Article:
IκBα protected cardiomyocytes from H2O2-induced apoptosis

The proportion of apoptotic cells in the control group was 7.0 ± 1.5%. After treatment with 100 μM H2O2, the apoptotic rates of cardiomyocytes in the H2O2 group and GFP group increased to 21.20 ± 0.95% and 19.97 ± 0.97%, respectively, which were decreased by IκBα or PDTC pretreatment (Fig. 2a). Indeed, compared with the levels in the control group, the anti-apoptotic protein Bcl-2 was downregulated, but the pro-apoptotic protein Bax was upregulated in NRVMs exposed to H2O2, leading to a higher Bax/Bcl-2 ratio, but this effect was completely abolished by pretreatment with IκBα or PDTC (Fig. 2b).

Fig. 2

IκBα reduced cell apoptosis in NRVMs exposed to H2O2. a Flow cytometry indicated that IκBα or PDTC attenuated cell apoptosis in NRVMs exposed to H2O2 (n = 3, * P < 0.05 and ** P < 0.01 vs. Control, #P < 0.05 vs. H2O2 group. b Western blotting findings indicated that IκBα or PDTC reduced the ratio of Bax/Bcl-2 in NRVMs subjected to H2O2 (n = 3, ** P < 0.01 vs. Control, ##P < 0.01 vs. H2O2 group)

IκBα protected cardiomyocytes from H2O2-induced cell injury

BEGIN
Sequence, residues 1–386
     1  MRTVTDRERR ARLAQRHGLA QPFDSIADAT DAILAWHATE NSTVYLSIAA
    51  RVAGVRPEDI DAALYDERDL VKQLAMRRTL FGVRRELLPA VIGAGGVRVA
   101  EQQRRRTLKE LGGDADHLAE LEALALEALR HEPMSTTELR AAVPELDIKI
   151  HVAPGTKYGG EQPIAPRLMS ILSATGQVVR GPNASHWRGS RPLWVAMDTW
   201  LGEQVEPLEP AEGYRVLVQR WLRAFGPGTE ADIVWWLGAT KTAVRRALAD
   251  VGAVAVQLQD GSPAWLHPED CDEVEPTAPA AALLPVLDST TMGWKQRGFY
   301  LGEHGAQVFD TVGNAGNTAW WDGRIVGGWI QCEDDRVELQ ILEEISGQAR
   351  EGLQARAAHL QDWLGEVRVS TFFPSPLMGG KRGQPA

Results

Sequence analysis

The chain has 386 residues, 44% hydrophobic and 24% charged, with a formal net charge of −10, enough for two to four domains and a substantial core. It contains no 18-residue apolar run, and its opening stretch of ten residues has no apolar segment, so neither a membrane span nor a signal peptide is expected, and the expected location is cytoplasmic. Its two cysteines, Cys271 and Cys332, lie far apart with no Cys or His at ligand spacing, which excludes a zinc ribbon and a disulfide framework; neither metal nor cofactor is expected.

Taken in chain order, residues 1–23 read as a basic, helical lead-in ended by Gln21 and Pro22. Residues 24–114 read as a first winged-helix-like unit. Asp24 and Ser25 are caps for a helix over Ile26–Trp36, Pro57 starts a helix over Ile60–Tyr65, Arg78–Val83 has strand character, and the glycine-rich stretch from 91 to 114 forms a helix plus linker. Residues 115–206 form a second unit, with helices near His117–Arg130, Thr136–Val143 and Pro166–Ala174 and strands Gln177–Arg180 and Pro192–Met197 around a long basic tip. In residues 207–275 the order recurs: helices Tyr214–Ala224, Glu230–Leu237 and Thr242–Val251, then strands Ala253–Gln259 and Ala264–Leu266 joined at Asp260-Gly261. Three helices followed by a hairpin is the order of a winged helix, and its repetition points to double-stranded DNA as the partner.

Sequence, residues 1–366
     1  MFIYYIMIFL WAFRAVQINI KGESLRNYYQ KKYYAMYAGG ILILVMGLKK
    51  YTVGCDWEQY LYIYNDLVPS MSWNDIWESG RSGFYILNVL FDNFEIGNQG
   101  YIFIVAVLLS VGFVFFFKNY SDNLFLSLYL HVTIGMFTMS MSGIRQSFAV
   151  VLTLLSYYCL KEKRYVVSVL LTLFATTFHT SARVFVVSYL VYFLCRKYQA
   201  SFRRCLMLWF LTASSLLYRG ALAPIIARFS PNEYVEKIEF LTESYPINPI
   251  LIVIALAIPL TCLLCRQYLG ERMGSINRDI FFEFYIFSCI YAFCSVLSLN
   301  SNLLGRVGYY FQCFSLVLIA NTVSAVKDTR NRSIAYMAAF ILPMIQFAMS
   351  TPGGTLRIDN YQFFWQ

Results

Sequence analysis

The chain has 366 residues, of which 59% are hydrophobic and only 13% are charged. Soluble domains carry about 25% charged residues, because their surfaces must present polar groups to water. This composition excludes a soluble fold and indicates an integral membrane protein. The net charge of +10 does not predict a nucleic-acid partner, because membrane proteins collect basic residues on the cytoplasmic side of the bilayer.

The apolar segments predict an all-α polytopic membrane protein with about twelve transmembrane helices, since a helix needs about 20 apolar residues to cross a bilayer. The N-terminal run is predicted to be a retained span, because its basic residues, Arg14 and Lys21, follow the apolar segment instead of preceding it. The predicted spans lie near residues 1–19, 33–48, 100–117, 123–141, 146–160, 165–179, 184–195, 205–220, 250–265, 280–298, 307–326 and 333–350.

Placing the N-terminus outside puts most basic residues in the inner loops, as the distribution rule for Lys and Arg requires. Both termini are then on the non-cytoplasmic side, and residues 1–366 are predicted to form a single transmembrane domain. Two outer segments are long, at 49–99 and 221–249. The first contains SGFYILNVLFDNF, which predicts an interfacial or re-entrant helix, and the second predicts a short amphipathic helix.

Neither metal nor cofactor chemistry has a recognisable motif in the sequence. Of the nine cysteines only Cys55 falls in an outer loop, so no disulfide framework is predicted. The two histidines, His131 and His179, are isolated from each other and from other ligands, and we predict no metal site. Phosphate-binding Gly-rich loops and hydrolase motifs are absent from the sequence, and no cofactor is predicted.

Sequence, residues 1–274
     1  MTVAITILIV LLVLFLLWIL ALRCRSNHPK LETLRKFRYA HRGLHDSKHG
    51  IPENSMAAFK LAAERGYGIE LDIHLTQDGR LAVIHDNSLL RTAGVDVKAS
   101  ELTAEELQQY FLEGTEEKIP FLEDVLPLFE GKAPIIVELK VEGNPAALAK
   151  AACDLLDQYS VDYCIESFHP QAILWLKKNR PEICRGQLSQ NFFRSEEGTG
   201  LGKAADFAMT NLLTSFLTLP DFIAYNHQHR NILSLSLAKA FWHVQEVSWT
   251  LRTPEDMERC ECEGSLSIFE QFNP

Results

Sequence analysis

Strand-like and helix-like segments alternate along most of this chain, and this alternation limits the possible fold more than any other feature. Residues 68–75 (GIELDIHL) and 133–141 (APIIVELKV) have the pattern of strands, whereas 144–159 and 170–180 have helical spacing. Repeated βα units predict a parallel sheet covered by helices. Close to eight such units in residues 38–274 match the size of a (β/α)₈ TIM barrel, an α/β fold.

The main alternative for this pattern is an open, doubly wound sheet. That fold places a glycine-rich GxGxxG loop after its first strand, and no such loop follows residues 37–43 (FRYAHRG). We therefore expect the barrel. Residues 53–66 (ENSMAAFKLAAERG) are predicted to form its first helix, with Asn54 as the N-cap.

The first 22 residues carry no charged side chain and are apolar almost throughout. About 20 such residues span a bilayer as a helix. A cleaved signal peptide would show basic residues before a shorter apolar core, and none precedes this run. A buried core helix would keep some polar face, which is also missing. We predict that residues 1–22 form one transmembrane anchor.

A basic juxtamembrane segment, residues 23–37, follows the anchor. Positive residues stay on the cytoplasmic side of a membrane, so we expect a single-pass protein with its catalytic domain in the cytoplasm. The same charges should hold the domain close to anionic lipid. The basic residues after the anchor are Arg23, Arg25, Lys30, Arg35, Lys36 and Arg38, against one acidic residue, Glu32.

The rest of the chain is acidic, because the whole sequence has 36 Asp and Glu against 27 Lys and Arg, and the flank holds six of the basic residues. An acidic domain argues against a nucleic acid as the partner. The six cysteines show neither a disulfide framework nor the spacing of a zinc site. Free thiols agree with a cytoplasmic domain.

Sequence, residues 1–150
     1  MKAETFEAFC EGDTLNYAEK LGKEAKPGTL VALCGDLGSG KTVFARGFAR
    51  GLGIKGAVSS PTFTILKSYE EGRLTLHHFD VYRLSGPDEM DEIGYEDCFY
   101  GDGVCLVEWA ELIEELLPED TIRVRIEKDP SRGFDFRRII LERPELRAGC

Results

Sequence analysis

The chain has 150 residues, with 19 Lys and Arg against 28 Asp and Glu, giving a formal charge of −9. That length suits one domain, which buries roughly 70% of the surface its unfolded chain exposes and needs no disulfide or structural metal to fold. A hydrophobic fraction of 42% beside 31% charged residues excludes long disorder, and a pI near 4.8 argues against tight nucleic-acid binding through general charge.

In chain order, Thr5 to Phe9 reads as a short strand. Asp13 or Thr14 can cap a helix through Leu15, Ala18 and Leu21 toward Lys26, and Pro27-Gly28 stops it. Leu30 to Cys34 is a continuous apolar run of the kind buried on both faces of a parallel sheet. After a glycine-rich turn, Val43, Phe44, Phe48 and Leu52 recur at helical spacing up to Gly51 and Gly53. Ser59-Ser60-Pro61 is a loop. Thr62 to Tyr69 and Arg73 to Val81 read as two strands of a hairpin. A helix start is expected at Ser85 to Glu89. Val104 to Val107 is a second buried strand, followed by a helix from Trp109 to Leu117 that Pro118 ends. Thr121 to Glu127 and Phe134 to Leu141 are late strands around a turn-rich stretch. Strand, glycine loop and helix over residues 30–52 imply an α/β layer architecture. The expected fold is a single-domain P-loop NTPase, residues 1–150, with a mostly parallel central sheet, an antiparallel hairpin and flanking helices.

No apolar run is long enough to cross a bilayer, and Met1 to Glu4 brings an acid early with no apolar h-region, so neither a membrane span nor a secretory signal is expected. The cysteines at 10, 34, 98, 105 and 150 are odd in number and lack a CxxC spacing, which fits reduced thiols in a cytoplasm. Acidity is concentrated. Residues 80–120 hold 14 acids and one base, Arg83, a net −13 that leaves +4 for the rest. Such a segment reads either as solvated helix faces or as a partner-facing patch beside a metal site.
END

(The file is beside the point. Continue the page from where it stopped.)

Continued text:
Compared to that in the control group, ΔΨm was significantly decreased in the H2O2 control group, but this decrease was rescued by IκBα or PDTC treatment (Fig. 3a). Additionally, H2O2 treatment significantly decreased cell viability but elevated supernatant LDH and intracellular MDA levels; however, these changes were reversed by IκBα or PDTC treatment (Fig. 3b-d).

Fig. 3

IκBα reduced cell injury in NRVMs exposed to H2O2. a Representative images of JC-1 staining in different groups (scale bar: 250 μm). The results indicated that IκBα or PDTC elevated the ratio of red to green fluorescence intensity (n = 3, * P < 0.05 and ** P < 0.01 vs. Control, #P < 0.05 vs. H2O2 group). b CCK-8 results demonstrated that IκBα or PDTC increased the cell viability of NRVMs stimulated by H2O2 (n = 3, * P < 0.05 and ** P < 0.01 vs. Control, #P < 0.05 vs. H2O2 group). c IκBα or PDTC reduced the levels of supernatant LDH in NRVMs subjected to H2O2 (n = 3, * P < 0.05 and ** P < 0.01 vs. Control, #P < 0.05 and ##P < 0.01 vs. H2O2 group). d IκBα or PDTC decreased the content of intracellular MDA in H2O2-treated NRVMs (n = 3, ** P < 0.01 vs. Control, #P < 0.05 vs. H2O2 group)

IκBα suppressed H2O2-induced NF-κB activation and autophagy in NRVMs

Compared with the control group, H2O2 treatment significantly elicited p65 translocation, and these changes were successfully reversed by IκBα or PDTC pretreatment (Fig. 4a and b). Consistently, H2O2 increased p-p65/p65 ratio in NRVMs, but IκBα or PDTC dramatically downregulated the H2O2-induced expression of p-p65. Meanwhile, Beclin-1 and the LC3-II/LC3-I ratio, the autophagy-associated markers, were markedly upregulated in NRVMs exposed to H2O2, whereas these effects were inhibited by IκBα or PDTC treatment (Fig. 4c).

Fig. 4